The 17M field of civic action: “Yes we camp!”

On the night of 15 May, the practical totality of demonstrators followed the DRY script and went home, myself included (Postill 2014b). Yet as retold by the free software activist Dani Vazquez, some forty demonstrators decided to stay on at Puerta del Sol, a large square in the heart of Madrid. The sit-in started slowly but on 17 May, after the shock of being evicted by the police, Sol was suddenly transformed into both a mass occupation and a global media event. So it makes field-theoretical sense to call this new game not ‘15M’ but rather ‘17M’.

From its very inception, the aim of the game was not to march the streets but to ‘occupy the square’ (¡Toma la Plaza!). This is wittily encapsulated in the slogan: “Yes we camp!”. The young independent journalist Juanlu Sánchez witnessed the following scene:

Another special moment, now forever etched in my mind, was when people started laying cardboard across Puerta del Sol square to spend the night there. Then came the blue tarpaulins, the formation of commissions, the fire brigade lending a hand – in a word, the building of the Medina! But it was the cardboard lain across the floor that truly defined that moment for me. The cardboard meant that people, a lot of people, were staying[1].

In clear contrast to the now abandoned 15M game, the 17M game came without an expiry date, as explained by Dani Vazquez when recounting the first few hours of the encampment:

I decided that the first task was to communicate what had already happened, even if nobody read it at first. After all, we had no [Twitter] followers yet. The first tweet said something along the lines of: “We’ve camped at Puerta del Sol and are not leaving until we reach an agreement”. With hindsight, this may look as if it referred to an agreement with the town hall or the government but in fact I was aiming lower. The idea was to agree amongst ourselves whether we should stay or go, as people were saying all sorts of things like “Let’s stay till the elections”, “Let’s stay for good”, “Let’s stay until we win”, “Let’s stay a year if we have to”. So it was more a case of saying: “OK, we’re not going to agree on how long we’re staying, but do we agree that we’re staying? Yes? Well that’s what we’re going to say. We’re staying put until we reach an agreement”[2].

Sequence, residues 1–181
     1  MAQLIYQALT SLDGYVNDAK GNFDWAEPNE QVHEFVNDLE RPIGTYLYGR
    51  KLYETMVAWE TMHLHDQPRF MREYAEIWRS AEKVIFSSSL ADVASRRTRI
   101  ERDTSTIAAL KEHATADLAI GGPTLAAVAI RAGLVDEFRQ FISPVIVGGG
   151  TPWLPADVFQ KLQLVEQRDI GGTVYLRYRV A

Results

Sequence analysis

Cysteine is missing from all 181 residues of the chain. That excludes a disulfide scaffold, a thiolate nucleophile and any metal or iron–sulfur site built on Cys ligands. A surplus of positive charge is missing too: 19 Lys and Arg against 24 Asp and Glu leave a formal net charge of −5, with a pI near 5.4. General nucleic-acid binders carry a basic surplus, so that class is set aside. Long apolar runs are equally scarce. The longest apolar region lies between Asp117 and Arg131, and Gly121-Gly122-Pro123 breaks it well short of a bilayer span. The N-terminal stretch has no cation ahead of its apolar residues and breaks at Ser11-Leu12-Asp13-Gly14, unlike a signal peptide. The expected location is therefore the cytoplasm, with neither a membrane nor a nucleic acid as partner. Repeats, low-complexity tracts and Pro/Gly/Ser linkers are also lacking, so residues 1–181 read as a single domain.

The encampments soon became ‘cities within cities’ whose internal governance units were commissions, working groups and assemblies. It was here that the field’s core practices and stations were located during the month-long occupations. Although DRY and the other 15M players continued to exist, they were always peripheral to the new incumbents born in Sol and other squares across Spain. The commissions were charged with the everyday running of the camps, concentrating on cooking and cleaning, civil disobedience actions, artistic productions and communication. Meanwhile the working groups busied themselves with thematic issues such as the environment, the economy, and politics. There were also assemblies for campers as well as general assemblies that brought together campers and non-campers (Perugorría and Tejerina 2013: 428, Postill 2014b).